Contemplating the assessment of great river ecosystems

David W. Bolgrien, Ted R. Angradi, E. William Schweiger, John R. Kelly

Research output: Contribution to journalArticlepeer-review

10 Scopus citations


The science and practice of assessing the status and trends of ecological conditions in great rivers have not kept pace with perturbation wrought on these systems. Participants at a symposium sponsored by the U.S. Environmental Protection Agency (USEPA) and the Council of State Governments concluded that useful and efficient assessments of great river ecosystems require thoughtful alignment of sampling designs, spatial and temporal scales, indicators, management needs, and ecosystem characteristics. Site-specific physical, chemical, and biological data long accumulated by monitoring programs have value but fail to provide the integrated system-wide perspective required for adaptive management and the Clean Water Act. Use of existing data may be limited by methodological incompatibilities, access difficulties, and the exclusive applicability of data to specific habitats or sites. The transition from site-specific to system-wide assessments benefits from research being done by USEPA's Environmental Monitoring and Assessment Program (EMAP) and other programs that use probability surveys and biological indicators. Indicators of various taxa (in particular fish, algae, and benthic invertebrates) have been successfully developed for great rivers. However, optimizing the information these ecological indicators convey to managers and the public is the subject of ongoing research.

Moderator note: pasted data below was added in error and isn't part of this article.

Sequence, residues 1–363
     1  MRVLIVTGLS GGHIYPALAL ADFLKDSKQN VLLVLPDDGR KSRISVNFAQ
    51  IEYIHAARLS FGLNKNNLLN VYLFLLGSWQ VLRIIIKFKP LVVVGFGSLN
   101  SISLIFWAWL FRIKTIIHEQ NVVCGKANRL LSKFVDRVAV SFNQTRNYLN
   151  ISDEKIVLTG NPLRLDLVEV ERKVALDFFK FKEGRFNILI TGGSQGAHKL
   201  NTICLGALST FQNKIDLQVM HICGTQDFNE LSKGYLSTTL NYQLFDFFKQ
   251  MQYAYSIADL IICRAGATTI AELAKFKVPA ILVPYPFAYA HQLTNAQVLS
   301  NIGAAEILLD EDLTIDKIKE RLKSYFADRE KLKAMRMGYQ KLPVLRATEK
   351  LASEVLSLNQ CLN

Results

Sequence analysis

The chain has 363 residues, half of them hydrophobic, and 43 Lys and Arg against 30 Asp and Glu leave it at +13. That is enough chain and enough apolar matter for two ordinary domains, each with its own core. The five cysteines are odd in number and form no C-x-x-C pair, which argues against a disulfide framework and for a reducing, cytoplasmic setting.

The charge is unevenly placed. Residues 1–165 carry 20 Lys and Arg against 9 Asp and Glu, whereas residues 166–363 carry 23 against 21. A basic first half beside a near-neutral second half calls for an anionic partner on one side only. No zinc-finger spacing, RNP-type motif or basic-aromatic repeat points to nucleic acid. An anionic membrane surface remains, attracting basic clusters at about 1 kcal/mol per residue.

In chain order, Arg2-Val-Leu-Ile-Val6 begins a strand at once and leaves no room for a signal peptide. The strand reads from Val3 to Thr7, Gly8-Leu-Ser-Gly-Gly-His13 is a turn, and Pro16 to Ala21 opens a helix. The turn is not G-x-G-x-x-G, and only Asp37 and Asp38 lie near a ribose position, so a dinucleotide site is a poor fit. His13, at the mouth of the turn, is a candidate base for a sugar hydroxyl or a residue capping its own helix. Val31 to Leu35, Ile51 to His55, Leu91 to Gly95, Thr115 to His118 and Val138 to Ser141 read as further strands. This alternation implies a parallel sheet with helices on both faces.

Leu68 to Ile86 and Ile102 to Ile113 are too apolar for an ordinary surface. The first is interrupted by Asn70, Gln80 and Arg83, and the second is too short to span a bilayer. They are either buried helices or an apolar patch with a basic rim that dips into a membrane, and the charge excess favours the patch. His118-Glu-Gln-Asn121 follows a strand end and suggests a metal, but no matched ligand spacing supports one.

Original languageEnglish (US)
Pages (from-to)5-20
Number of pages16
JournalEnvironmental Monitoring and Assessment
Issue number1-3
StatePublished - Apr 1 2005


  • EMAP
  • Ecological assessment
  • Ecological indicators
  • Ecosystem monitoring
  • Great Rivers

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